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  • Night Soil and Nation Building:Trollope's The Prime Minister, the Guano Economy, and Victorian Sustainability
  • Mary Bowden (bio)


the victorian sociologist Henry Mayhew devotes about twenty pages of his 1861–62 London Labour and the London Poor to a discussion of human excrement, referred to euphemistically as "night-soil." Mayhew describes it as a "great evil" that "[w]hat society with one consent pronounces filth—the evacuations of the human body—is not only washed into the Thames, and the land so deprived of a vast amount of nutriment, but the tide washes these evacuations back again" (438), contaminating London's drinking water. He laments that "[w]e import guano, and drink a solution of our own faeces: a manure which might be made far more valuable than the foreign guano" (438). In criticizing Victorian London's sanitary challenges—the 1870 completion of engineer Joseph Bazelgette's sewer system was still some years away—Mayhew endorses a cyclical model of environmental sustainability. Instead of importing accretions of bird excrement from South America and Africa, Victorians could manure with the waste from their bodies, which Mayhew appraises as potentially "far more valuable" than guano (438).

Mayhew wrote at a time of change in Britain's soil economy. In the early nineteenth century, British farmers had fertilized their fields with a variety of domestic manures, including seaweed, malt dust, chalk, pigeon dung, farmyard waste, and night soil. But with the burgeoning urban population requiring more food and the removal of agricultural fields farther from cities, by mid-century many farmers had turned to more potent imported fertilizers such as guano. Guano's advent signalled a new agricultural era, one in which the fertility of British fields was tied to extractive international trade.1 This guano-fuelled agricultural transformation inspired some writers, including Mayhew, to propose an alternative model of intranational circulation, in which excrement from urban British bodies would be recycled into fertilizer for rural British fields.

As the humanities have increasingly turned to environmental concerns, critics have analyzed the mechanics, literary reverberations, and, especially, environmental implications of nineteenth-century waste-recycling schemes.2 For instance, Anne O'Neil-Henry has contended that Victor [End Page 79] Hugo's arguments in favour of excrement recycling in Les Misérables (1862) might be seen as "anticipat[ing]" the work of "twenty-first century theorists of sustainability" (333). And Deanna Kreisel has noted that "waste recycling … almost always invoked in the context of soil fertilization" played an important part in how Victorians conceptualized environmental sustainability (895). Criticism of waste recycling schemes has typically focused on urban areas, treating such topics as waste disposal in London and Paris and texts such as Our Mutual Friend (Gallagher, MacDuffie) and Les Misérables (O'Neil-Henry). I shift the focus from city to country by placing these idealistic waste recycling schemes within the broader context of changes in nineteenth-century agriculture, particularly the use of guano as a fertilizer.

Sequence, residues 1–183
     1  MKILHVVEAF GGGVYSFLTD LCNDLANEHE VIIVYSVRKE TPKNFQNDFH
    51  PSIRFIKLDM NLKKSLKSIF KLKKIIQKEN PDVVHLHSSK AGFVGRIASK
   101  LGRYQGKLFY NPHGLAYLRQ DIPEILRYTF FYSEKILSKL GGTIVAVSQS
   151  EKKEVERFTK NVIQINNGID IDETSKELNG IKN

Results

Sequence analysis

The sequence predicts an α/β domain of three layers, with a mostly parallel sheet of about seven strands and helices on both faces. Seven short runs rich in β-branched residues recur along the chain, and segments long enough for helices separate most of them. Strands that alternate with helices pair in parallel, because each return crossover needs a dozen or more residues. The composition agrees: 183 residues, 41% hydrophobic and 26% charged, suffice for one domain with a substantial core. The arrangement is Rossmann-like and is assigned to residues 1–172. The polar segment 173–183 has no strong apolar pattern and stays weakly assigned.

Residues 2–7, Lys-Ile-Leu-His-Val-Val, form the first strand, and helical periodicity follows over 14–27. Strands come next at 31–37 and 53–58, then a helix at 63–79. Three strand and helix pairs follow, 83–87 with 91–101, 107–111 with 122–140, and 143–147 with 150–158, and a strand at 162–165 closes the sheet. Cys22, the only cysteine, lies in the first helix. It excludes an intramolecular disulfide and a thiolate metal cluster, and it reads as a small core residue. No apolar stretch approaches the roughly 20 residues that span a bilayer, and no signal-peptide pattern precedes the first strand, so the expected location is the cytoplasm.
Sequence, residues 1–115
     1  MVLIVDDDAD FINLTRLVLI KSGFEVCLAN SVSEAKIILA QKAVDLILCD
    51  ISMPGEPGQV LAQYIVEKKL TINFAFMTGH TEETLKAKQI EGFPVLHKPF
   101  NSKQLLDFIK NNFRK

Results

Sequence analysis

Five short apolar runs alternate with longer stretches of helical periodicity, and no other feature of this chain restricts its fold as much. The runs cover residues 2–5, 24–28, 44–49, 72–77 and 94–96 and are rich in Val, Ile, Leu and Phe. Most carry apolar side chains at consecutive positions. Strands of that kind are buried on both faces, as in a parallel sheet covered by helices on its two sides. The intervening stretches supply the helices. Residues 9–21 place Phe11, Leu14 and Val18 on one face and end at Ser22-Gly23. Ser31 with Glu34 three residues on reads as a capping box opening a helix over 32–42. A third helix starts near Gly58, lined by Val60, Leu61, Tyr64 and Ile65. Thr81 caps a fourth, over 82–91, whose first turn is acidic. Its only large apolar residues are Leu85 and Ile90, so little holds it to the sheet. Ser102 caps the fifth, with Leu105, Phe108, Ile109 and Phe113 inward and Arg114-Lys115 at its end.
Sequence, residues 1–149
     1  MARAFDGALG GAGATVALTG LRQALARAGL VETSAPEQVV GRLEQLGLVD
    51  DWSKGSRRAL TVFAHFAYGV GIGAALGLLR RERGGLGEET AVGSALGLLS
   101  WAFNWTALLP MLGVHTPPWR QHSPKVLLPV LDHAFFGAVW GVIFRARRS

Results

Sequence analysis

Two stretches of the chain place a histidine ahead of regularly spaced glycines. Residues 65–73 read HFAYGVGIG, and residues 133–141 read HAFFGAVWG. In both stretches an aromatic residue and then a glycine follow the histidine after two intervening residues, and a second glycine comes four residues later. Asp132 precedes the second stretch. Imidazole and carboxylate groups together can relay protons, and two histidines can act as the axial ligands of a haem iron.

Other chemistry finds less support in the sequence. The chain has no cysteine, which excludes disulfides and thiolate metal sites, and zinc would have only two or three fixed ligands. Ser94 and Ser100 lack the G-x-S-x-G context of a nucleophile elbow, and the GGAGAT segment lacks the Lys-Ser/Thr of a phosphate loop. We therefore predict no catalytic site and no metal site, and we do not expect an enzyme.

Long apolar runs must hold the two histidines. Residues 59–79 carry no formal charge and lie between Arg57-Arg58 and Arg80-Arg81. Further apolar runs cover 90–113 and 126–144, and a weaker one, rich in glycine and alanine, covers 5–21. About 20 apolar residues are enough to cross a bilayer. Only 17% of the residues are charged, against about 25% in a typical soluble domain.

By moving from urban streets to rural fields—the sites thought to best represent the British nation—and paying attention to how domestic night soil was reductively opposed to foreign-originating guano, I show how nineteenth-century waste-recycling schemes entangled their quest for sustainability with xenophobic nationalism. I argue that the connection between soil fertility and national strength was a significant aspect of nineteenth-century sustainability discourse, articulated both in agricultural works and in literary texts such as Anthony Trollope's 1876 novel The Prime Minister. Trollope's novel structurally reiterates the tension between domestic night soil and foreign guano through its marriage plot. At the novel's beginning, the heiress Emily Wharton is wooed by her childhood friend Arthur Fletcher, who is associated with agriculture through his land-owning family. But Emily spurns Arthur in favour of Ferdinand Lopez, an arriviste foreigner who speculates in guano. In the unfolding of this plot line, Trollope's novel contrasts the exotic and extractive, which are aligned with the cosmopolitan Lopez, with the long-held local connections, based on the cycling of blood and wealth, that unite the Whartons and Fletchers. I argue that the novel's final rejection of Lopez and guano, which is followed by...